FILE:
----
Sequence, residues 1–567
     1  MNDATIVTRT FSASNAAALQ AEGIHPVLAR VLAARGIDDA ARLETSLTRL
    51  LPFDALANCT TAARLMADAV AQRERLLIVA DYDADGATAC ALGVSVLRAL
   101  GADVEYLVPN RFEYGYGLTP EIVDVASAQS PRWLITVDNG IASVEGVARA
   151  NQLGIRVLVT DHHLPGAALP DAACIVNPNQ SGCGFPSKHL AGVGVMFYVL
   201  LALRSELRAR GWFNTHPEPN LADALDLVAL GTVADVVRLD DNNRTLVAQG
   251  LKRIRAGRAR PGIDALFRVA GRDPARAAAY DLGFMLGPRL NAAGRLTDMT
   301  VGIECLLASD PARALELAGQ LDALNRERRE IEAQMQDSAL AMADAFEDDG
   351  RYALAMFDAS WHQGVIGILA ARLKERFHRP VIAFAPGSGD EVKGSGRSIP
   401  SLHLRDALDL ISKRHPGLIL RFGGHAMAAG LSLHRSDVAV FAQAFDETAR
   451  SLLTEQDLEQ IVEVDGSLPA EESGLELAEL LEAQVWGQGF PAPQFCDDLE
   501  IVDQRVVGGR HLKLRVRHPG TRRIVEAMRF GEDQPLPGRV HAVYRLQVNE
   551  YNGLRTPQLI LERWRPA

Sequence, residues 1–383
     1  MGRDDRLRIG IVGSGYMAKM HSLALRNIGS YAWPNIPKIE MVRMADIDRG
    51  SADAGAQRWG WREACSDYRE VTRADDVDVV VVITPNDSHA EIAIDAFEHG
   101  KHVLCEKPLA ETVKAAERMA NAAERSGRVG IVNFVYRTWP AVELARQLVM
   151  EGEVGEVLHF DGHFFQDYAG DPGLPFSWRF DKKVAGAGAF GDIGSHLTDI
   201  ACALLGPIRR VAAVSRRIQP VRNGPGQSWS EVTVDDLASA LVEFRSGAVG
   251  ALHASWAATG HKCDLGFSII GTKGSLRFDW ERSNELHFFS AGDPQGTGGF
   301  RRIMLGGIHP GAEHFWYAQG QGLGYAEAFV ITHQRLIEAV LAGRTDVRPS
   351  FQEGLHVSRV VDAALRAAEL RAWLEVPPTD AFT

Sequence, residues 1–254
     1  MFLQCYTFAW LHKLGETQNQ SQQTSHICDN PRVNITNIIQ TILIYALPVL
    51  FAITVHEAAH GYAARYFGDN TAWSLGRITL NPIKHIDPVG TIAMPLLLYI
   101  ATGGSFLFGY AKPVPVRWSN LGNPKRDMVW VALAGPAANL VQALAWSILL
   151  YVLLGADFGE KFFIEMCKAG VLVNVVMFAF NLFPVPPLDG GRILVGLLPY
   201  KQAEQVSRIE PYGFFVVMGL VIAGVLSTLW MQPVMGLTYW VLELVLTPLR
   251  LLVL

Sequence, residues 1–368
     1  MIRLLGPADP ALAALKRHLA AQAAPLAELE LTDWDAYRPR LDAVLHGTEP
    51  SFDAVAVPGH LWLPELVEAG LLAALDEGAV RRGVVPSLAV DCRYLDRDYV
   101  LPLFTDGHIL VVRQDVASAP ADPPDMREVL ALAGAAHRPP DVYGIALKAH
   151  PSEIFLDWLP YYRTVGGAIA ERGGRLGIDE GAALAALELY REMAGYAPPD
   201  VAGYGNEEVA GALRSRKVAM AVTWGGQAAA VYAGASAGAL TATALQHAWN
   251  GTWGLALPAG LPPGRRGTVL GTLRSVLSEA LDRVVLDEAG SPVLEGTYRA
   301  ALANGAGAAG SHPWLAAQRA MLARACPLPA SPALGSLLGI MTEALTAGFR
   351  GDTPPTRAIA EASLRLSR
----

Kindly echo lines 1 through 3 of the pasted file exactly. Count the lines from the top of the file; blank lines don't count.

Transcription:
Sequence, residues 1–567
     1  MNDATIVTRT FSASNAAALQ AEGIHPVLAR VLAARGIDDA ARLETSLTRL
    51  LPFDALANCT TAARLMADAV AQRERLLIVA DYDADGATAC ALGVSVLRAL